Hamilton Professor Doran Larson, Nation of Islam representative Courtney Muhammad, and re-entry educator Lee Carr spoke in a webinar moderated by Mohawk Valley Community College Trustee Tony Colón on Oct. 28. This was the sixth of eight webinars in the series “Racial Justice and Criminal Justice Reform in Oneida & Herkimer Counties.”  This was the latest in the collaboration with Colleges and Community for Unity and Change Lecture Series sponsored by Hamilton’s Levitt Center Law and Justice Lab.

Larson, who has taught inside New York state prisons since 2006, opened the discussion by advocating for penal reform policies that start “at the front, rather than the back door of mass incarceration.” Such policies would address the idle time that people may spend awaiting their trials in jails, which Larson said could be put to productive use.              

Larson noted that offerings such as law libraries, commissaries, and work programs are not widely available throughout the local penal system, a shortcoming he called a missed opportunity to “jam the revolving door” of long-term incarceration. In considering further reforms, he described a new vision for what jails could be, grounded in a concept he called “community jailing.” Just as “community policing” philosophies seek to assume more holistic, qualitative approaches to law enforcement, community jailing models would “not measure the performance of jails by the number of people admitted, but by the success of those who leave the facility.”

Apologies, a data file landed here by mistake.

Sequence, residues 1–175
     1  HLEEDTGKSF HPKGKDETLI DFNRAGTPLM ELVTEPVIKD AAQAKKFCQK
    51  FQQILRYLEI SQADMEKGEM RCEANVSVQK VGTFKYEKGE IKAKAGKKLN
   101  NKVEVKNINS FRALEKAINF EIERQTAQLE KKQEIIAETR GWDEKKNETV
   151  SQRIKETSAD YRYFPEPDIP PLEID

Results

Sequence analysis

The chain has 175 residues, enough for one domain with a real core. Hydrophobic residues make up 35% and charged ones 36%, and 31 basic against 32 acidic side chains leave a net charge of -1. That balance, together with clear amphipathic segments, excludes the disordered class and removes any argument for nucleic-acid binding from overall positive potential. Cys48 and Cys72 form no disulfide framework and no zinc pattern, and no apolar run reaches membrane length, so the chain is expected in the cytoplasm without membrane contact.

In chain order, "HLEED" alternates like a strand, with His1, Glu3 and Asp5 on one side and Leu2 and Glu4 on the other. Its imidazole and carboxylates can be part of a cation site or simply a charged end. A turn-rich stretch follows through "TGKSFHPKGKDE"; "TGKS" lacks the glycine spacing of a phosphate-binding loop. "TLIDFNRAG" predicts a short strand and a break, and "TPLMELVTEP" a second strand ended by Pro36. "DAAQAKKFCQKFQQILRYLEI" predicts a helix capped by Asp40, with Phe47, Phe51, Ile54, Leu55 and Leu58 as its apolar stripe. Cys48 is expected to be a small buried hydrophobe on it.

Larson also emphasized the need to expand educational programs in jails and prisons. The current GED program needs to be both “expanded and supplemented,” he said, and offer higher education courses to those serving a sentence of three months or more. 

Building off these ideas, Carr reiterated the importance of education for incarcerated individuals. Having been released from a 10-year federal prison sentence only a few months ago, Carr recalled the ways in which he was able to make productive use of his time in a system where the focus is not on rehabilitation, he said, but rather where “it’s all about punishment.” These included predominantly a focus on his own learning. 

Carr touched on the issues that former inmates may encounter after being released, such as the potential lack of resources to help them rebuild their lives. He pointed to a law prohibiting contact between felons, which Carr said precludes the formation of support networks that would allow people like him to assist fellow former prisoners in their endeavors to start anew. “We want to do better — we just need resources to do better,” he said. 

All three panelists pointed toward systemic racism as a significant factor in the penal system, Carr and Muhammad in particular. Muhammad encouraged the need for a “fix on both sides,” or measures that would address not only the problems faced by prisoners in prison, but also those that plague the communities to which they will return. In many of these areas, Muhammad said, economies once based around farming and industry are now reliant largely on prisons and the jobs they provide. 

Hamilton Professor Doc Woods also featured in Wednesday’s webinar, focusing on another example of Black musical expression. This time, he highlighted saxophonist Joshua Redman’s cover of “Let it Be.”

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